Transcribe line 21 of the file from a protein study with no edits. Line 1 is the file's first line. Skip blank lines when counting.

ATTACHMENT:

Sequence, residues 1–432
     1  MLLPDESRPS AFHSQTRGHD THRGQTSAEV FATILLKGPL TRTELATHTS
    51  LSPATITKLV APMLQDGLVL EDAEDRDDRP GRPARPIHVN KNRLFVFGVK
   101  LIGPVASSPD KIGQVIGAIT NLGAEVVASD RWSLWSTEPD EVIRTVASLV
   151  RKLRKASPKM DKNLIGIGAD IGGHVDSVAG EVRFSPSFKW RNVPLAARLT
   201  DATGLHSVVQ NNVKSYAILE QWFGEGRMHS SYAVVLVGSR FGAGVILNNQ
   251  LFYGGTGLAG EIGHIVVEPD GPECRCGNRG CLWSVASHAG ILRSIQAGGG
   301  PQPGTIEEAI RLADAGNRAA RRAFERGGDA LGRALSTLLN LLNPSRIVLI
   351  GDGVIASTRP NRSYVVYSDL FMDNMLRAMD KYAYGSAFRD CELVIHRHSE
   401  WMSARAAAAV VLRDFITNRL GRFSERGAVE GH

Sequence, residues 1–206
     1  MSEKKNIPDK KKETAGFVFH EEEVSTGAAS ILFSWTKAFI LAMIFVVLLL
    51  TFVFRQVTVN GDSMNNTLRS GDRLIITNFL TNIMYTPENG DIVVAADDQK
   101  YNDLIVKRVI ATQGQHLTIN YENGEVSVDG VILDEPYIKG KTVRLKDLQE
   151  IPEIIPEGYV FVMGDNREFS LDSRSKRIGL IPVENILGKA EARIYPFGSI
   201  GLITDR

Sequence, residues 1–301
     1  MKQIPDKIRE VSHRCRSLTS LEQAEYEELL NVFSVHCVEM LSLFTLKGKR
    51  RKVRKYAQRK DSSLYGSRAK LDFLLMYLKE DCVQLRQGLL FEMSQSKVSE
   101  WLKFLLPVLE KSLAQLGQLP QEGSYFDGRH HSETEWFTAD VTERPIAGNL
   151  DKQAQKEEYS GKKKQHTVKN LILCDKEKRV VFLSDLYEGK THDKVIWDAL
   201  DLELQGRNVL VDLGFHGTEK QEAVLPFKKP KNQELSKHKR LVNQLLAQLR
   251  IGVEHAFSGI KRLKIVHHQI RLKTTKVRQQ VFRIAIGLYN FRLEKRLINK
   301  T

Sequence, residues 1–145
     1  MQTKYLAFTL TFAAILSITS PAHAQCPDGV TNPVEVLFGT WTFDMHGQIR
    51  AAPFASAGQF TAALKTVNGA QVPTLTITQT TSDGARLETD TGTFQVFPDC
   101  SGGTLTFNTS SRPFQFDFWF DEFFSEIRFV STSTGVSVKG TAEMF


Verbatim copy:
   151  DKQAQKEEYS GKKKQHTVKN LILCDKEKRV VFLSDLYEGK THDKVIWDAL